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High journald CPU usage #1162

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ragnard opened this Issue Mar 8, 2016 · 19 comments

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@ragnard
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ragnard commented Mar 8, 2016

Summary

We're seeing the systemd-journald process consistently occupying ~100% of one CPU when running a docker container that uses the journald log driver, running an application that logs roughly ~50 messages/s at peak.

Setup

  • CoreOS-beta-899.5.0-hvm on eu-west-1 (ami-f961d48a)
  • Tried on t2.medium, c4.large, c4.xlarge and c4.x2large

Findings

We've straced the systemd-journald process and one thing that stood out was comparatively slow writev calls to /dev/console.

11:22:29.363557 open("/dev/console", O_WRONLY|O_NOCTTY|O_CLOEXEC) = 30 <0.000029>
11:22:29.363613 ioctl(30, SNDCTL_TMR_TIMEBASE or SNDRV_TIMER_IOCTL_NEXT_DEVICE or TCGETS, {B38400 opost isig -icanon -echo ...}) = 0 <0.000021>
11:22:29.363664 writev(30, [{"[71658.329457] ", 15}, {"docker", 6}, {"[804]: ", 7}, {"{\"@timestamp\":\"2016-03-08T11:22:29.361+00:00\",\"@version\":1,\"logger_name\":\"nocrm-bigquery-transform.core\",\"thread_name\":\"main\",\"level_name\":\"INFO\",\"message\":\"inserted batch with 1000 rows\"}", 188}, {"\n", 1}], 5) = 217 <0.003830>
11:22:29.367539 close(30)               = 0 <0.000021>

As you can see, that particular writev call took 0.003830 seconds. but we're seeing numbers between 0.002328 and 0.055282 for that particular trace.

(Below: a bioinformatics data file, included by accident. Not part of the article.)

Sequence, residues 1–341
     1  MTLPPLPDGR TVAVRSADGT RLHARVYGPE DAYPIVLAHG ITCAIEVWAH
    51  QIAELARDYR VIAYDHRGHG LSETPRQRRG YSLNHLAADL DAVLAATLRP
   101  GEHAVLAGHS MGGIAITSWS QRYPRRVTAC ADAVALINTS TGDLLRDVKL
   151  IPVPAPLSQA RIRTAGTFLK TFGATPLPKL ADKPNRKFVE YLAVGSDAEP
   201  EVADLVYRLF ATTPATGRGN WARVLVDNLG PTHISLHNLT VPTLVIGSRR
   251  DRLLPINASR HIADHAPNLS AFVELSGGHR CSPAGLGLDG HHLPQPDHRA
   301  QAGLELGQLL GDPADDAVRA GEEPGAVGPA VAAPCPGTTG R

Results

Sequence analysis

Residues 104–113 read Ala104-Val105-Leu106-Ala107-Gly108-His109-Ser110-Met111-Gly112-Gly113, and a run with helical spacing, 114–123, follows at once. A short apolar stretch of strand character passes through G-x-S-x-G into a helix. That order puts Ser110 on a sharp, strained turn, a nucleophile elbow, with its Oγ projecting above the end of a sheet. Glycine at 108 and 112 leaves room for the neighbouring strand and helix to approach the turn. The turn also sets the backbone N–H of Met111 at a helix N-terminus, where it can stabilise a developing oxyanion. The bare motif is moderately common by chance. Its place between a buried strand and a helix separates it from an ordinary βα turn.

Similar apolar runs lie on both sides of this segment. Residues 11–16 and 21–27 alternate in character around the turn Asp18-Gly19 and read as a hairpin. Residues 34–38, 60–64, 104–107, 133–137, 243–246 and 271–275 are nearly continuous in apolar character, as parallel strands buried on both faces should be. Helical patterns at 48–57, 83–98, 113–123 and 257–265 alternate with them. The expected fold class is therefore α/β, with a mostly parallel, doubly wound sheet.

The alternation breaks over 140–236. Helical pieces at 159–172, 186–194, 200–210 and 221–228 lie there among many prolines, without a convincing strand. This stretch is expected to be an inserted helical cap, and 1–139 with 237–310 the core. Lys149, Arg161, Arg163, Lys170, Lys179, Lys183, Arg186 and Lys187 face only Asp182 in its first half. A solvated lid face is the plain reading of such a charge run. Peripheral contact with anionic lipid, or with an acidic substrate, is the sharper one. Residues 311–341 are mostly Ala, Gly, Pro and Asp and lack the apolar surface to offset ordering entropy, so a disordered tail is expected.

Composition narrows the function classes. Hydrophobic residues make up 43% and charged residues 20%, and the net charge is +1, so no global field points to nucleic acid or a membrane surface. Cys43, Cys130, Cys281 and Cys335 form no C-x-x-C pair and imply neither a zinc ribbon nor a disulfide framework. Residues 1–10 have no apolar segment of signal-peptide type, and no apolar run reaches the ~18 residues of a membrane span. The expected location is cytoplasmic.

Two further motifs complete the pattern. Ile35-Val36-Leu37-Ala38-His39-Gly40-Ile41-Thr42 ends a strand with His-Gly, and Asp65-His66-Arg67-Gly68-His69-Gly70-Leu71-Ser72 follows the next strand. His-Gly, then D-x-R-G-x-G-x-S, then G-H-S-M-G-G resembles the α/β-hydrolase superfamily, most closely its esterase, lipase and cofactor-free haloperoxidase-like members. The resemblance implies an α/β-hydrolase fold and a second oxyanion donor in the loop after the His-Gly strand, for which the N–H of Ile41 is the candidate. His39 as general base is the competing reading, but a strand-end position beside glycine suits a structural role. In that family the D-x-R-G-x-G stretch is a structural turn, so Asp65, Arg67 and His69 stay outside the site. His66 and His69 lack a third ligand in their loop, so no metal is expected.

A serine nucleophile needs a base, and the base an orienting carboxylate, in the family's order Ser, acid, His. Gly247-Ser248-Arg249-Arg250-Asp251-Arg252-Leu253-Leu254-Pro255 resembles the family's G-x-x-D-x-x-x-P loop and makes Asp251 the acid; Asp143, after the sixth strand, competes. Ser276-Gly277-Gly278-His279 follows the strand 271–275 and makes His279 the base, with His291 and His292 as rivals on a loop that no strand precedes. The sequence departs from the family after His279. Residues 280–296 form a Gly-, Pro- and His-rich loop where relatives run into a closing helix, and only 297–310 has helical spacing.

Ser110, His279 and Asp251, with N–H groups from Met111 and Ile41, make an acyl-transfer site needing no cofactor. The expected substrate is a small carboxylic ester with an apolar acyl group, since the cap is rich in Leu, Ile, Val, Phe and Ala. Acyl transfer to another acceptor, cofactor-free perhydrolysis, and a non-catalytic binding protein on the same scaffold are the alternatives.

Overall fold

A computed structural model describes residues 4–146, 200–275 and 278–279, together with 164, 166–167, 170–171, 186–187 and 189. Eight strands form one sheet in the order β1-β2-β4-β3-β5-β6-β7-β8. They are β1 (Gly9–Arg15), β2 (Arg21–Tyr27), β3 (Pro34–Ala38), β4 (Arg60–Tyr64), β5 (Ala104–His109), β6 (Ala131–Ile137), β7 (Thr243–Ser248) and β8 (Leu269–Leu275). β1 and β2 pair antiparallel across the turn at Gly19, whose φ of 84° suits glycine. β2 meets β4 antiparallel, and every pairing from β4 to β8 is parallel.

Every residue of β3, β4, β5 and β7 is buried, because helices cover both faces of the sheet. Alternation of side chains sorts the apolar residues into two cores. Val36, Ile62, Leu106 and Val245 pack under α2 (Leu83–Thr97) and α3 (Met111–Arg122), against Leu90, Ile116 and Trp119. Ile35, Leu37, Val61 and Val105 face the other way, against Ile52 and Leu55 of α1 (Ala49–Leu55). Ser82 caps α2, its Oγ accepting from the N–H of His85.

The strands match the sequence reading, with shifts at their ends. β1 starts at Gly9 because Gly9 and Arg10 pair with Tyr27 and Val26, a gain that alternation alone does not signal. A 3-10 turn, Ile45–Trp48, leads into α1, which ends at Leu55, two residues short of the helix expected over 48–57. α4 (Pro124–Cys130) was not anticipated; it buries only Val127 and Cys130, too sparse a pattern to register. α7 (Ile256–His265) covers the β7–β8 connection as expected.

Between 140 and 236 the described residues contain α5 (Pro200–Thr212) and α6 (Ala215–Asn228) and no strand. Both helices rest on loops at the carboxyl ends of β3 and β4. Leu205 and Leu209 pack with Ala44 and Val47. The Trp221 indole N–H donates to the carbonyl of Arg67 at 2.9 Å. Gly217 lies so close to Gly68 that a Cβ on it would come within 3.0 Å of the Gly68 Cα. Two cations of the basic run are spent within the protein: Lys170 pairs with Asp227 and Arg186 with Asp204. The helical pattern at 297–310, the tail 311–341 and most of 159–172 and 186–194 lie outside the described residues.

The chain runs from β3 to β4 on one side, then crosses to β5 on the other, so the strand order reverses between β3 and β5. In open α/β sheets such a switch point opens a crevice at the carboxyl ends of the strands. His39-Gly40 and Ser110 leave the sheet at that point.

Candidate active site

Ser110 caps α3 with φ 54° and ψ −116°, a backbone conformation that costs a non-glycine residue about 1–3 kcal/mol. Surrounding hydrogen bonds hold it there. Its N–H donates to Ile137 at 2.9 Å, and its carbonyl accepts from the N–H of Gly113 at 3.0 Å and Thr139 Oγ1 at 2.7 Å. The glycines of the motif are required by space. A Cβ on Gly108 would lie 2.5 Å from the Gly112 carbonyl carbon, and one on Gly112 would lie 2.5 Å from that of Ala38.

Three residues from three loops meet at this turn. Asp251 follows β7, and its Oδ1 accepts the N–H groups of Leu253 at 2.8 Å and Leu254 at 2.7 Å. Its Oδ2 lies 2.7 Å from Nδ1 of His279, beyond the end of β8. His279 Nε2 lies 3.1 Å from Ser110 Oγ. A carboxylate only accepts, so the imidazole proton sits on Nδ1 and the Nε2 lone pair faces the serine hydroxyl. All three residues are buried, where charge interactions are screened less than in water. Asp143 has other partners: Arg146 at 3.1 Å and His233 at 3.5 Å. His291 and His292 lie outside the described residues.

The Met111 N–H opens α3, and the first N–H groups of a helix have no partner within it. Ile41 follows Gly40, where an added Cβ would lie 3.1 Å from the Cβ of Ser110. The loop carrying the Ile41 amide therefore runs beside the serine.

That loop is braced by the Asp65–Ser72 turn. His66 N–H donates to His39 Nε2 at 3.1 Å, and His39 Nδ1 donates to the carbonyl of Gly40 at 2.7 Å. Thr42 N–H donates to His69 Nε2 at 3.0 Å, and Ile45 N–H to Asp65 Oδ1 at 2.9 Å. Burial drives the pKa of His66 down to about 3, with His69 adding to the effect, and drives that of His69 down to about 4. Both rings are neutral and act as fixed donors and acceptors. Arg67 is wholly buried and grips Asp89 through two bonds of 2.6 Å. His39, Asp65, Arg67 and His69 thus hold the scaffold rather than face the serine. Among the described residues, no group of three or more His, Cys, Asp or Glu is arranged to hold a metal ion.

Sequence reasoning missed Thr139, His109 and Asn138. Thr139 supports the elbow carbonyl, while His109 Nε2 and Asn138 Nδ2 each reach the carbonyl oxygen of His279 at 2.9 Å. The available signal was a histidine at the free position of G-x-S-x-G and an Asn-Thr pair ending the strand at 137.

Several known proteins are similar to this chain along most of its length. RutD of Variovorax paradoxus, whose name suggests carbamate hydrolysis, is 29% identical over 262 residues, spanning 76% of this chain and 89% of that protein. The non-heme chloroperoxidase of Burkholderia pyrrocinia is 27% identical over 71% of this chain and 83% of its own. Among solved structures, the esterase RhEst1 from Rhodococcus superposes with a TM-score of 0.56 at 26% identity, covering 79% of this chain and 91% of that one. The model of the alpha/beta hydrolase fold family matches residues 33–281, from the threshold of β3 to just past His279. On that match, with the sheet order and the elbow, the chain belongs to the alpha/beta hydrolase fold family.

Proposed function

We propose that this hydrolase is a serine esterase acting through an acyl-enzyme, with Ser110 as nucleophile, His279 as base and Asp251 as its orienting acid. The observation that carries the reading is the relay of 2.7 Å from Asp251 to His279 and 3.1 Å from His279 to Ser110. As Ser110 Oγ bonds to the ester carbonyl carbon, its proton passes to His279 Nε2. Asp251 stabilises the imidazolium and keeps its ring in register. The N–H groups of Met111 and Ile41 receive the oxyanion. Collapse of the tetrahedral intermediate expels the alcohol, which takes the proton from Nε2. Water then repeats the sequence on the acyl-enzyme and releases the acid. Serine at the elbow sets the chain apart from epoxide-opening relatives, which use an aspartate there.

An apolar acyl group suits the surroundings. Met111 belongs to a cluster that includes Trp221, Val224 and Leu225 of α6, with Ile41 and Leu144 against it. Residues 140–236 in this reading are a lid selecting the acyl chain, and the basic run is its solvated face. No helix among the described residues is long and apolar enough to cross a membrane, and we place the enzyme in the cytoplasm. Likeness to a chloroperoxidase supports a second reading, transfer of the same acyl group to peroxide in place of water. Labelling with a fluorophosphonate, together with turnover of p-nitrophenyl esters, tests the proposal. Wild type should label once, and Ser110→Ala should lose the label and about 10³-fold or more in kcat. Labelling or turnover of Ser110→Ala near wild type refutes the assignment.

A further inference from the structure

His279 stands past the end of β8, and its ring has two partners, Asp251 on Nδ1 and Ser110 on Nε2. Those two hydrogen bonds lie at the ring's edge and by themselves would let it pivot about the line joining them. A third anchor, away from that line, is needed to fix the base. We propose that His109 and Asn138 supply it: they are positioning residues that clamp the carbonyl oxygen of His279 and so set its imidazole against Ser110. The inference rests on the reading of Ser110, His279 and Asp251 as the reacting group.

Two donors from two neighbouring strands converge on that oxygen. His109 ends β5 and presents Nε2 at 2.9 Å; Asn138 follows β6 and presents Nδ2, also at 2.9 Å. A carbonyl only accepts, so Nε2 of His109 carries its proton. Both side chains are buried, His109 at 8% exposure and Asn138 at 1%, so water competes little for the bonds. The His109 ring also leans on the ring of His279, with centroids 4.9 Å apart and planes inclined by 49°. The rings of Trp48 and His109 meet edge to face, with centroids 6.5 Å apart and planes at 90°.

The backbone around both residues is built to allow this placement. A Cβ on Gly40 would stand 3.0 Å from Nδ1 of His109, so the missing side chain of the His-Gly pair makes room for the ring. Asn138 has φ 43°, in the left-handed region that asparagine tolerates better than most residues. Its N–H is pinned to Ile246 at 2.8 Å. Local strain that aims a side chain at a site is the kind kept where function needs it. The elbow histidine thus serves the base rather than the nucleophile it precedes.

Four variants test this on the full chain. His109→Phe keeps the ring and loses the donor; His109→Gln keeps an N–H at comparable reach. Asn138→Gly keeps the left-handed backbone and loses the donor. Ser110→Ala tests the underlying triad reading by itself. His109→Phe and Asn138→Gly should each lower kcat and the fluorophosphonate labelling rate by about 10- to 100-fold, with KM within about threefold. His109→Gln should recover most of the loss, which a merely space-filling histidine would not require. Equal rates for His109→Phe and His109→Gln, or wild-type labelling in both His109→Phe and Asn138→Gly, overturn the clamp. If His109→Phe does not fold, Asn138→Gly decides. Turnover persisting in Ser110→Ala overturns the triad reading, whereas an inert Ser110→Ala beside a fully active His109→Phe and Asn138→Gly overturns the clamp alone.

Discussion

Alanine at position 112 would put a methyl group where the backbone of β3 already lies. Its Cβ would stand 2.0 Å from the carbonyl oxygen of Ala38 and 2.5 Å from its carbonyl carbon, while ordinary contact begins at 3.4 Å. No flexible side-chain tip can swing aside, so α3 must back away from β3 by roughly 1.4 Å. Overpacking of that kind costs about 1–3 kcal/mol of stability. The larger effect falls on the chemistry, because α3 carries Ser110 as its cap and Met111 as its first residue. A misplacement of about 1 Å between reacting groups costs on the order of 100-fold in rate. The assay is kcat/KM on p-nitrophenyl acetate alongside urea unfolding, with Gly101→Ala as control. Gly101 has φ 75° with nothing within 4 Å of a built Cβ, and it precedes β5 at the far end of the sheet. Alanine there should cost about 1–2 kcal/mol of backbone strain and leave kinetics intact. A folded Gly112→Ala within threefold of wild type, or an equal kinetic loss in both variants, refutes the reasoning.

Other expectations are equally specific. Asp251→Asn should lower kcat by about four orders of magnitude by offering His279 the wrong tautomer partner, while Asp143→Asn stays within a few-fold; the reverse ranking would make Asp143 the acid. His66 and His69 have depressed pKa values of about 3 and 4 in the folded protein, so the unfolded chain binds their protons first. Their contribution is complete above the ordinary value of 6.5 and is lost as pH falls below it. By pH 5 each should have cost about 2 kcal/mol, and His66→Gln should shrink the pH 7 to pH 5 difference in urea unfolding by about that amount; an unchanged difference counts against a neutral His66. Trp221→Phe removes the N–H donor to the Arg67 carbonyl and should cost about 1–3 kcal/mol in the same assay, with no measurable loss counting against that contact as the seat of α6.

We tried turning off ForwardToConsole using a drop-in, but were unsuccesful in doing so. We see that CoreOS sets this option to "yes" using the boot options https://github.com/coreos/coreos-overlay/blob/master/coreos-base/oem-ec2-compat/files/grub-ec2.cfg#L7, not sure if that means it can't actually be overriden.

We resorted to setting the TTYPath to /dev/null in which case the CPU usage dropped to low ~1% levels again.

@kayrus

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kayrus commented Mar 8, 2016

Have reproduced the issue inside QEMU VM.

Let's use this unit file:

[Service]
TimeoutStartSec=10s
Type=notify
ExecStart=/bin/bash -c "i=0; while true; do ((i++)); echo Hello World $i; done"

And run it inside qemu VM with the following /usr/share/oem/grub.cfg:

set linux_append="systemd.journald.forward_to_console=yes"

And without it. The result without grub hack is:

$ journalctl -n1 -u hello
Mar 08 14:25:26 coreos1 bash[757]: Hello World 384795

And with it:

$ journalctl -n1 -u hello
Mar 08 14:27:41 coreos1 bash[762]: Hello World 22080

I ran these tests several time, so the results are approximations.

Relates to this commit.

@kayrus

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kayrus commented Mar 8, 2016

probably it worth an investigation at systemd journald / kernel side why it takes so much time to print logs.

@vcaputo

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vcaputo commented Mar 8, 2016

Yes, we turned on forwarding to the console on these providers to aid in troubleshooting situations when the machine is inaccessible, since there's no interactive console provided.

But the writev() calls should not be so costly, this suggests a console or serial driver issue on aws.

We may have to shut it off if there's no obvious fix to make the console output less costly to perform.

@kayrus

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kayrus commented Mar 8, 2016

@vcaputo it is reproducible even inside the qemu VM. So I don't thinks it is related to serial driver issue on aws.

@vcaputo

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vcaputo commented Mar 8, 2016